5 September 2023, by Franziska Neigenfind
Photo: Paridhi Rustogi et al.
Carbon fluxes between the ocean and atmosphere in the Southern Ocean (0-360°, 35-65°S)
The Southern Ocean has absorbed ca. 40 percent of the global anthropogenic carbon emissions, providing a substantial buffer to climate change. How will carbon flows between the ocean and atmosphere change in the future? The majority of studies provide an annual mean estimate for these fluxes. A team led by Paridhi Rustogi, who is meanwhile a researcher at Princeton University, and Prof. Johanna Baehr has analyzed flows in individual seasons, using the example of the Southern Ocean – and revealed previously hidden uncertainties in the tools used to evaluate these fluxes.
The figure shows the Southern Hemisphere, with Antarctica in the middle. The two rows represent the annual mean carbon fluxes (far left) and the seasonal progression. The top row is based on observational data; the bottom row, on simulations. As the top left and bottom left figures show, the values for the annual mean fluxes match up relatively well. Yet, if we take a closer look at the individual seasons, there are clearly recognizable differences between the observational data and simulations.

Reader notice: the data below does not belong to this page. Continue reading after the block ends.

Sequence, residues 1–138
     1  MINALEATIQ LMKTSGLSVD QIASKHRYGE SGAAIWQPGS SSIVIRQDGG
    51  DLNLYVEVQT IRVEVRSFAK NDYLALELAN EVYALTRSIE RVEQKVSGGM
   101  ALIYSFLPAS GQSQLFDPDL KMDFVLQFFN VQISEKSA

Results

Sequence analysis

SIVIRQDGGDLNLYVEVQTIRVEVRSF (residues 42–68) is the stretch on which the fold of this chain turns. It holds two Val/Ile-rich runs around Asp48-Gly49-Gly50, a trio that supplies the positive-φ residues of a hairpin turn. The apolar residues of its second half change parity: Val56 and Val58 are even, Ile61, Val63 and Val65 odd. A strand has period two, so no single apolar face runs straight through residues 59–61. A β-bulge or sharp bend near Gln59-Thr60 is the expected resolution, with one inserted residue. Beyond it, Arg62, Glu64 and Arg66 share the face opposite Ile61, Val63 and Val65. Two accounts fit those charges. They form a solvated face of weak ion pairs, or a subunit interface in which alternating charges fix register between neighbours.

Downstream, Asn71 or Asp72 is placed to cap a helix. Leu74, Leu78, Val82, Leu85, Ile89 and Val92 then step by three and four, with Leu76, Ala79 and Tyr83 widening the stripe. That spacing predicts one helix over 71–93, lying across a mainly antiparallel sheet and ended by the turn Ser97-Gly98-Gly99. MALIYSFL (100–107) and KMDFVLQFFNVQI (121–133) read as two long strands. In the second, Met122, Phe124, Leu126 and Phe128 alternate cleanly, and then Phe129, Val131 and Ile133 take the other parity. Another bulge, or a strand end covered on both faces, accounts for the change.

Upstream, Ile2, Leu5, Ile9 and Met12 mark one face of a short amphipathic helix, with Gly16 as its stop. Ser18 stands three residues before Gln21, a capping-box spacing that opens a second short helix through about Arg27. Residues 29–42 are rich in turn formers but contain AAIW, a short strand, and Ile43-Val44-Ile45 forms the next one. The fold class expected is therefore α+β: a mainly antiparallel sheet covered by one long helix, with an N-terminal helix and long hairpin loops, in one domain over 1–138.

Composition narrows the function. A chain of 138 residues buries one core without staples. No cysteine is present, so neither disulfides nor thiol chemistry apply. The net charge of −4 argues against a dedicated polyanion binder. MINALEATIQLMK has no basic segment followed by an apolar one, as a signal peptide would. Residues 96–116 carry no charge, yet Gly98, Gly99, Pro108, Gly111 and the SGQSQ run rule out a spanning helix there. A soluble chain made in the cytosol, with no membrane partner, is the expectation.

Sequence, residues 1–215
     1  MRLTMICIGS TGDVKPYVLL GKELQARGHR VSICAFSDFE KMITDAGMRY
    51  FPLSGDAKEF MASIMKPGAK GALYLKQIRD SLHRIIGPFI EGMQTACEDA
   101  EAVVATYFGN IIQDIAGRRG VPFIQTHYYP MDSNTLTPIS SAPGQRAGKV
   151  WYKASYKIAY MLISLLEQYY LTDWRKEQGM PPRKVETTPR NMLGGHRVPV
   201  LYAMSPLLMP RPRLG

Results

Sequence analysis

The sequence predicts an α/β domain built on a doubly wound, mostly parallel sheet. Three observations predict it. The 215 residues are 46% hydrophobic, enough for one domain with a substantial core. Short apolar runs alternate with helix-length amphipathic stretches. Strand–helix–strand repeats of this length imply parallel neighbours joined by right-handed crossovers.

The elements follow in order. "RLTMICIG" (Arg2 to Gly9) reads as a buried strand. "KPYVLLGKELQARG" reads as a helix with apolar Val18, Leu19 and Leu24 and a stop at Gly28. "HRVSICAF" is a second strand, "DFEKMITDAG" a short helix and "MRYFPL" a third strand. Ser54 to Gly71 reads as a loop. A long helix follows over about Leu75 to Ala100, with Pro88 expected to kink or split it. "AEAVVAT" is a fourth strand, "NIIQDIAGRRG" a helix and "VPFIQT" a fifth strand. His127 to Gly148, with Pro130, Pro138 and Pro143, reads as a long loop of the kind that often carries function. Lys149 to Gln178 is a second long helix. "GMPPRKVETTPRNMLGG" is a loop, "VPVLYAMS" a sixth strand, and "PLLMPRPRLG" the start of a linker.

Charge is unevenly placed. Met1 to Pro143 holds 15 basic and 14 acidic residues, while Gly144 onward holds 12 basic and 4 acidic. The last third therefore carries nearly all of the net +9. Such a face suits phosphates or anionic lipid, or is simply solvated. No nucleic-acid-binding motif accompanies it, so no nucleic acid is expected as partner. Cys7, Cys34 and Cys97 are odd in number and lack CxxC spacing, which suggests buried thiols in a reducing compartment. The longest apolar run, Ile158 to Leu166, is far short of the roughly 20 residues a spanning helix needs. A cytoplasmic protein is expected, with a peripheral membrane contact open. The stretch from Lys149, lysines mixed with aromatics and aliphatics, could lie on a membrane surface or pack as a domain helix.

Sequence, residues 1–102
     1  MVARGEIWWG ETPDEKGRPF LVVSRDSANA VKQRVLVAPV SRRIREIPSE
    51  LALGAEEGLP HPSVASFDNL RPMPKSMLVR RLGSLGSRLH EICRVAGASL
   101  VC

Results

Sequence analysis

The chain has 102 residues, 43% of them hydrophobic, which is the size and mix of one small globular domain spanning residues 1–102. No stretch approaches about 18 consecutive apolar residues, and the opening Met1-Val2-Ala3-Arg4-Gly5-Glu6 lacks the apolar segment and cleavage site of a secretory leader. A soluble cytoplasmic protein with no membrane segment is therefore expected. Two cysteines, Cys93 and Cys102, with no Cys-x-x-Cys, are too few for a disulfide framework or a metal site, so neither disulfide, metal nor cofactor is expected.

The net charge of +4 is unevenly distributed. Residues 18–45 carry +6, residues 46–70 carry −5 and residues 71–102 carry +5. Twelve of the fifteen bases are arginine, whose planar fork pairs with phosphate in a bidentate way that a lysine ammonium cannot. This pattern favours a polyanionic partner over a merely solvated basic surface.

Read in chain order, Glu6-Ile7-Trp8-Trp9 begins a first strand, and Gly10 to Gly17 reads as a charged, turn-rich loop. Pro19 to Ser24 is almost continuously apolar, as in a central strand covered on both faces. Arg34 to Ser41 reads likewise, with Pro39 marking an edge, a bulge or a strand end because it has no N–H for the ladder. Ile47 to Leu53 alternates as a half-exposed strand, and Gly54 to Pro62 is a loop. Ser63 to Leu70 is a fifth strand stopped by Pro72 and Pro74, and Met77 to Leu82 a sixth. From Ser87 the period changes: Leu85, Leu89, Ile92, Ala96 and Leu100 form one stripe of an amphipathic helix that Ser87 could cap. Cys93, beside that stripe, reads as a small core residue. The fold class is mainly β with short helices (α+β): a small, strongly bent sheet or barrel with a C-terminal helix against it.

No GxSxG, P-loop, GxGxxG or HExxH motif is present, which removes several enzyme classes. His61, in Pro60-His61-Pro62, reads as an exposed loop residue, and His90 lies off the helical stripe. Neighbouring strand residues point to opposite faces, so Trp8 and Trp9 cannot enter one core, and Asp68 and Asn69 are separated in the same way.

These findings show how important uncertainties can be overlooked in the annual mean values. For example, based on the observational data, the Southern Ocean is an important CO2 sink year-round. In contrast, the bottom row, based on simulations, shows increased uptake in the spring and summer and more pronounced outgassing in the autumn and winter. In order to reliably project how overall carbon uptake in the Southern Ocean will be affected by climate change, reducing uncertainties is of tremendous importance.
Rustogi, P., Landschützer, P., Brune, S. et al. The impact of seasonality on the annual air-sea carbon flux and its interannual variability. npj Clim Atmos Sci 6, 66 (2023). https://doi.org/10.1038/s41612-023-00378-3